After Mattis’s Resignation, a President Unbound

By Mark Landler
December 21, 2018
For most of his tumultuous 23 months in office, President Trump has tried to shake off anyone who would restrain his insurgent style of leadership. With the resignation of Defense Secretary Jim Mattis, Mr. Trump is at last a president unbound”
Even for some Republicans, this was a deeply unsettling prospect, especially after a week in which Mr. Trump rejected a deal to keep the government running, openly criticized the Federal Reserve for raising interest rates and announced that the United States would pull 2,000 troops out of Syria, without consulting allies or warning Congress.

The Secretary Of Reassurance Has Resigned: Farewell To Mattis

December 20, 2018
After two years of reassuring US allies that Donald Trump’s America would not abandon them, Jim Mattis finally had enough.
Even before Trump was sworn in as president, the announcement that he would pick Mattis as his Secretary of Defense was met with delighted relief “from the right, from the left, and from overseas.” Within hours, both the British and Norwegian defense ministers — coincidentally attending a conference in the US — were praising Mattis from the podium at the Reagan Library in California.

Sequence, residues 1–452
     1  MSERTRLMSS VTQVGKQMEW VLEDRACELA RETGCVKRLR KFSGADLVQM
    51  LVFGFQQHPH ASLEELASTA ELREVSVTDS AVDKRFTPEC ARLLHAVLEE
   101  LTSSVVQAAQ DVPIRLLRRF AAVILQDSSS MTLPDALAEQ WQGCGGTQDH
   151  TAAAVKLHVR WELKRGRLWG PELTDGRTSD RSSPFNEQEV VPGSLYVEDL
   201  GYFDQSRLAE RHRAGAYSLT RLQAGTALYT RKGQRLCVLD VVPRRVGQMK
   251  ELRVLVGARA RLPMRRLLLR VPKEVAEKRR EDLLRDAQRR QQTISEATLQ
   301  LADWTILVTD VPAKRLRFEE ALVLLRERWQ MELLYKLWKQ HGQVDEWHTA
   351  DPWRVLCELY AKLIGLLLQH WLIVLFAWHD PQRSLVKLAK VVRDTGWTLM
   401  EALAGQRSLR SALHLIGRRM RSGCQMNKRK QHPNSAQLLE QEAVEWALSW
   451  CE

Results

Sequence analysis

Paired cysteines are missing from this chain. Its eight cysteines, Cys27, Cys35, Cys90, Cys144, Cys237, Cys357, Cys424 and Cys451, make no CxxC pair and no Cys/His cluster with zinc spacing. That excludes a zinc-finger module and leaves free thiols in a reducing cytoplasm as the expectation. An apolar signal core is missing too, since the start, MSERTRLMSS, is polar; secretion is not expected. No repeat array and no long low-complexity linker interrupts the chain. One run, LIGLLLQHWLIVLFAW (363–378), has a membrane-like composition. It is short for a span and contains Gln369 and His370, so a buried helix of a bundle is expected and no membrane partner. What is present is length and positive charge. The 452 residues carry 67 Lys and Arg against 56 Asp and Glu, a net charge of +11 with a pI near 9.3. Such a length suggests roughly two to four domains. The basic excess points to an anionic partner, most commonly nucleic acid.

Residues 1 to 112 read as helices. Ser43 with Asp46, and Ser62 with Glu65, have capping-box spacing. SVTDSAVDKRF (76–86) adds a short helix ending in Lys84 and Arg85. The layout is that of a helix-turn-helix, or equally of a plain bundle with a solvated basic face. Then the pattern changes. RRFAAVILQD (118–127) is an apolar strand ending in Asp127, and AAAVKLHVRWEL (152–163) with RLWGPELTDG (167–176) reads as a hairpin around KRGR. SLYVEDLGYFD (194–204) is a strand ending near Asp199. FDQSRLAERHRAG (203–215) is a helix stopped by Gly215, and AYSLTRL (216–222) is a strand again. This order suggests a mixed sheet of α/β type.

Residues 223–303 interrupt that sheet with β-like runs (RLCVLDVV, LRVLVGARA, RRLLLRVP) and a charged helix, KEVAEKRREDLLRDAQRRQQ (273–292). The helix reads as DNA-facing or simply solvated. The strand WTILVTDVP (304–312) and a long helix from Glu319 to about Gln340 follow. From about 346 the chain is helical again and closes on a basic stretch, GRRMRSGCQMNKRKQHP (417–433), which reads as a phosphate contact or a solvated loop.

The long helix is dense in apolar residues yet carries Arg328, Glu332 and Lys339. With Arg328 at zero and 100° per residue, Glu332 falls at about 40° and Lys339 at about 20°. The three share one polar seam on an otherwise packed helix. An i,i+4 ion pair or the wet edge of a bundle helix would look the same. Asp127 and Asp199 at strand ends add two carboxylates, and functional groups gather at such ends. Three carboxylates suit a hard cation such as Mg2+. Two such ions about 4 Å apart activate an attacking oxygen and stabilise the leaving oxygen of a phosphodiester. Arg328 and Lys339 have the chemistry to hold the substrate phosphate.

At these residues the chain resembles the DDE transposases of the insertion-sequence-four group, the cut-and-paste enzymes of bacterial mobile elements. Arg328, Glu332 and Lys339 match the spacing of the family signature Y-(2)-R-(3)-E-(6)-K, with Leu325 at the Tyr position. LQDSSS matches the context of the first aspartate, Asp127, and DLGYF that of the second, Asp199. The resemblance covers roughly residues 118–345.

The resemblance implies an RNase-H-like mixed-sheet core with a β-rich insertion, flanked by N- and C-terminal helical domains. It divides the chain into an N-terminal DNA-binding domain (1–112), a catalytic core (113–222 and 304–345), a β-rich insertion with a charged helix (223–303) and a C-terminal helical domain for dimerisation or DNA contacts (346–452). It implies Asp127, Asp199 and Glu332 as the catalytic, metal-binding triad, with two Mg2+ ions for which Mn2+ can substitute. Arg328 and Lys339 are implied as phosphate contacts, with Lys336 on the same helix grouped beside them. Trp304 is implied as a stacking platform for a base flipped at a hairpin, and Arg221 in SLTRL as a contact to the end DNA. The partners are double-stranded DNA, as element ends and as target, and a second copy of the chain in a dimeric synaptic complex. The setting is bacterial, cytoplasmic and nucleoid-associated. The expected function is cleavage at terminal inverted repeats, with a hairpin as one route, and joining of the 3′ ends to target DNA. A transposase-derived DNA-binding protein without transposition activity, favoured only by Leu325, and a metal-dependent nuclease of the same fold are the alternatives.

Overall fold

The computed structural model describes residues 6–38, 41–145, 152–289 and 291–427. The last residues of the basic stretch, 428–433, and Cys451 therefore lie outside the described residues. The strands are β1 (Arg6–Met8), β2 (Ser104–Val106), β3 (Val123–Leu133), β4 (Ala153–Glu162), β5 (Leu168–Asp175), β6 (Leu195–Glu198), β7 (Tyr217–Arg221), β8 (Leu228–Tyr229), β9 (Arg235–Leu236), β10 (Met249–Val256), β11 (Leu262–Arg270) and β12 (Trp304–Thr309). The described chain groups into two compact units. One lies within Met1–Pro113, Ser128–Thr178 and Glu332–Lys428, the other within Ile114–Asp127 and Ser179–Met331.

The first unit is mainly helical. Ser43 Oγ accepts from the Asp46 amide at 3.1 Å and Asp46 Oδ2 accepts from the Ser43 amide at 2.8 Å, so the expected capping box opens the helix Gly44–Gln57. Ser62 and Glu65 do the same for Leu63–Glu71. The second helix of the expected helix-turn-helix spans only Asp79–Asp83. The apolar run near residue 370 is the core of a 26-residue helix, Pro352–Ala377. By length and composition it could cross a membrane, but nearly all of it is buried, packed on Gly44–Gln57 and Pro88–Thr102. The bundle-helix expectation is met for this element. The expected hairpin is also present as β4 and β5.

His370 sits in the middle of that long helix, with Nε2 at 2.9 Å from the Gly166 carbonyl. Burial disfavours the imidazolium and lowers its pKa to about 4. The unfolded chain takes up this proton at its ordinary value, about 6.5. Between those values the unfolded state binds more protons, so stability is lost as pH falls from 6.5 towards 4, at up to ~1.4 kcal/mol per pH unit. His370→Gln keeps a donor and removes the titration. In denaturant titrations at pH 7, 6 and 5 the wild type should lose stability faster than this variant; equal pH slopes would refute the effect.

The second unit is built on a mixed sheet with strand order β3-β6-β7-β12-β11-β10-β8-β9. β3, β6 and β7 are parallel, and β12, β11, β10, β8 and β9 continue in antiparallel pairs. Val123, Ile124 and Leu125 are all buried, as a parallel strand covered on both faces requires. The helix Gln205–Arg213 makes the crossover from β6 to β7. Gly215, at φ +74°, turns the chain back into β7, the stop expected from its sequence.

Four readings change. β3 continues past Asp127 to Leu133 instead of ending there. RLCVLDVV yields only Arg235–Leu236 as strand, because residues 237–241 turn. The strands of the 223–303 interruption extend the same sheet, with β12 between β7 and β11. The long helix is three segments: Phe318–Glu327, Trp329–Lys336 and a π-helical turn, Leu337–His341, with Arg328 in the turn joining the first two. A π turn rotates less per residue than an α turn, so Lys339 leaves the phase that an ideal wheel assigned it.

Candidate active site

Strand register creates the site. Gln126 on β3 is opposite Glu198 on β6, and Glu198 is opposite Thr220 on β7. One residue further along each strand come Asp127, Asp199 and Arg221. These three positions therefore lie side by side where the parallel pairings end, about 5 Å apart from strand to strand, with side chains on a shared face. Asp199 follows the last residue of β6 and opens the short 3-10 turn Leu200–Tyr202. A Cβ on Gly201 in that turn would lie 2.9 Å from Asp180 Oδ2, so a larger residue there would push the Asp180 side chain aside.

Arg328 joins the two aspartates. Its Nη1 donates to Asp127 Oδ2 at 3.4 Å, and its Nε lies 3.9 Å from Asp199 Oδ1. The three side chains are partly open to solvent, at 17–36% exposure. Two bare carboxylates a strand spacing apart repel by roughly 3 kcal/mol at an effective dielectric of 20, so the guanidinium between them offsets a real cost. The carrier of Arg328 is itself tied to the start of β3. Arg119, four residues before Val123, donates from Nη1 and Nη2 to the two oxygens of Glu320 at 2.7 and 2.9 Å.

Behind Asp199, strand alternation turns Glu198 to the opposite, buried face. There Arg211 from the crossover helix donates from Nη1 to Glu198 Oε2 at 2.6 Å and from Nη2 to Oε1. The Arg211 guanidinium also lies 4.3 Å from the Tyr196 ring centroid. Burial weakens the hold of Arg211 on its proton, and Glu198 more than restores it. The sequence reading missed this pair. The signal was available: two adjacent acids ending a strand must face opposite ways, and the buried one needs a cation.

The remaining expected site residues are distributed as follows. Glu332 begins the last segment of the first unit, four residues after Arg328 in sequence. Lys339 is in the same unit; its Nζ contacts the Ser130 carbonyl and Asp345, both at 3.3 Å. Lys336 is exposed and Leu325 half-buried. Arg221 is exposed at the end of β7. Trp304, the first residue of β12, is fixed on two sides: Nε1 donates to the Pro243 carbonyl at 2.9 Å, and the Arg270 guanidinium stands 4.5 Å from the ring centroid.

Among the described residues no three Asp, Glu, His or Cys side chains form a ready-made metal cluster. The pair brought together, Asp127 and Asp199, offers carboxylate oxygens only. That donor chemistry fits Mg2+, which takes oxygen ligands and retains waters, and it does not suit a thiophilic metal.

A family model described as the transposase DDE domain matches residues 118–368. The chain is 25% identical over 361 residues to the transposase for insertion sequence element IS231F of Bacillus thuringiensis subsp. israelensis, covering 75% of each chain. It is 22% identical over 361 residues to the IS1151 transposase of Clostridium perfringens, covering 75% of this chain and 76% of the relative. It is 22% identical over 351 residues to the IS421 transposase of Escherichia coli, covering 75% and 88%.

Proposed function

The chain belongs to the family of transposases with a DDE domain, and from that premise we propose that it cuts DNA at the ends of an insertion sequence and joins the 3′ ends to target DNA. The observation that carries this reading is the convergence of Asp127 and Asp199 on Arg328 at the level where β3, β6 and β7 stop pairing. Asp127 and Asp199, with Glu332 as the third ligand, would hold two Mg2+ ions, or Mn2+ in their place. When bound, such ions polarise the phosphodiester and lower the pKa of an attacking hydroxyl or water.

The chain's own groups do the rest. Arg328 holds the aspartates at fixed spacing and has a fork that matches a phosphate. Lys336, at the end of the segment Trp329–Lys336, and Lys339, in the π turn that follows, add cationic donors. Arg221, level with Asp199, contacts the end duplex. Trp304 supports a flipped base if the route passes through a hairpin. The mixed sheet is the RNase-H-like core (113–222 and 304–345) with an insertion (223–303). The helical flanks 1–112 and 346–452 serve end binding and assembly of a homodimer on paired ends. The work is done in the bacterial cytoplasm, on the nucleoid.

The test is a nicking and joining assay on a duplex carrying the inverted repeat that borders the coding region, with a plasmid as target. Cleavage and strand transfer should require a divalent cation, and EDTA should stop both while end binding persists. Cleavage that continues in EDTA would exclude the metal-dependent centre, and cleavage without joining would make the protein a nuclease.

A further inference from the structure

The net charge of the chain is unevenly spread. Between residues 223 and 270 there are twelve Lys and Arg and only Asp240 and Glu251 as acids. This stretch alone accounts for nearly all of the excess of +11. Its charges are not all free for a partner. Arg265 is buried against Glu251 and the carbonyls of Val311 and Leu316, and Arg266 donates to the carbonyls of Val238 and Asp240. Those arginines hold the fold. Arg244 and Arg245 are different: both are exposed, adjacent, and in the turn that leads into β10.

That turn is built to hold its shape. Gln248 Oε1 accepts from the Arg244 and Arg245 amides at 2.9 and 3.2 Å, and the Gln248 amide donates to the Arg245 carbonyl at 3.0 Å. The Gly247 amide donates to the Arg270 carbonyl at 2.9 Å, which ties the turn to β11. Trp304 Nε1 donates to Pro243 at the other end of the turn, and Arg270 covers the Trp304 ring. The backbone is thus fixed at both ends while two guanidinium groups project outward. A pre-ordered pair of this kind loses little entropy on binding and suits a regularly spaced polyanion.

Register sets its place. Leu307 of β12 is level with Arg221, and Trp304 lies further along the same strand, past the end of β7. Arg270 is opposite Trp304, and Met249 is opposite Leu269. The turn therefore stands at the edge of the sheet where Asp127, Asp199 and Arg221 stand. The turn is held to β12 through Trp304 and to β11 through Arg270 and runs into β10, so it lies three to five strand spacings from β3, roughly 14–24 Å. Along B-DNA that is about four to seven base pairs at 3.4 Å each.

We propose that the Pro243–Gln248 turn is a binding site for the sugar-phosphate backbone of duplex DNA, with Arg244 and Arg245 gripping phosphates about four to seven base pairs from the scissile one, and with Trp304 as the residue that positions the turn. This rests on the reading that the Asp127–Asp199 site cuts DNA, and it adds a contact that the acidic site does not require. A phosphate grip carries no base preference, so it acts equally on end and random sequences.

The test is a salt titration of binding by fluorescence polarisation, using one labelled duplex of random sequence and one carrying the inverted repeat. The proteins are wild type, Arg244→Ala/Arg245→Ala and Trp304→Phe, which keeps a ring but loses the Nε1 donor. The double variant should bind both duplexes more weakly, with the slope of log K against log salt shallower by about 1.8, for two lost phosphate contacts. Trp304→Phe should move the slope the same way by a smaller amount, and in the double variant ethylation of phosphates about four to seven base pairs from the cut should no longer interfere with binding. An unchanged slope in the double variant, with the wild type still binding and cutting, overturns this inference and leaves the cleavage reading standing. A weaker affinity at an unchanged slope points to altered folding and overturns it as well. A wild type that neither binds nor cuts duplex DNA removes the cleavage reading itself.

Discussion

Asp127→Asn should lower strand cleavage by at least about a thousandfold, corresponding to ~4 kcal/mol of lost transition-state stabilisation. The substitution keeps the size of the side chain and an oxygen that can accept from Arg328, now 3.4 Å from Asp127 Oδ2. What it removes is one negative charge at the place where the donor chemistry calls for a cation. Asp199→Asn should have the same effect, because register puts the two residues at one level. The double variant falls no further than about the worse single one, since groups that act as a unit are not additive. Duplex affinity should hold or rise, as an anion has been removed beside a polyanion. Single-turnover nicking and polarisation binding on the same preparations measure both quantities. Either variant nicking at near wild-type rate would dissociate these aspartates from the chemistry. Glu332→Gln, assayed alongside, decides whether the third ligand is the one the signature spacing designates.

But the question has swirled since the day his nomination was confirmed by the Senate: “How long will Mattis last?”

Dec.20, 2018
President Trump on Thursday tweeted that Defense Secretary Jim Mattis would be leaving the Pentagon in February. The news comes a day after the president announced troop withdrawals in Syria.
Shortly after Mr. Trump’s post, Mr. Mattis released a letter he wrote to Mr. Trump acknowledging that the president had a right to a defense secretary with views “better aligned” with his.
Below is the full text of that letter, as released by the Defense Department.

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Under the Guise of Protecting Human Rights and Establishing Democracy: US Intervention in Sri Lanka

With the retirement of the secretary of defense, the U.S. risks a return to the “enhanced interrogation” techniques used after Sept. 11.
Βυ J. Kael Weston 
Dec. 20, 2018
Last spring, at Marine Corps University, I listened to a large group of Marine captains discuss the moral dimensions of war. The My Lai massacre in Vietnam and Haditha in Iraq were two of their case studies — the latter being one of the Marine Corps’ most controversial chapters in the Iraq war.
In that 2005 incident, about two dozen Iraqi civilians, including women and children, were killed. A number of Marines were later charged with war crimes, though only one received a formal sentence — 90 days in a military prison that were never served.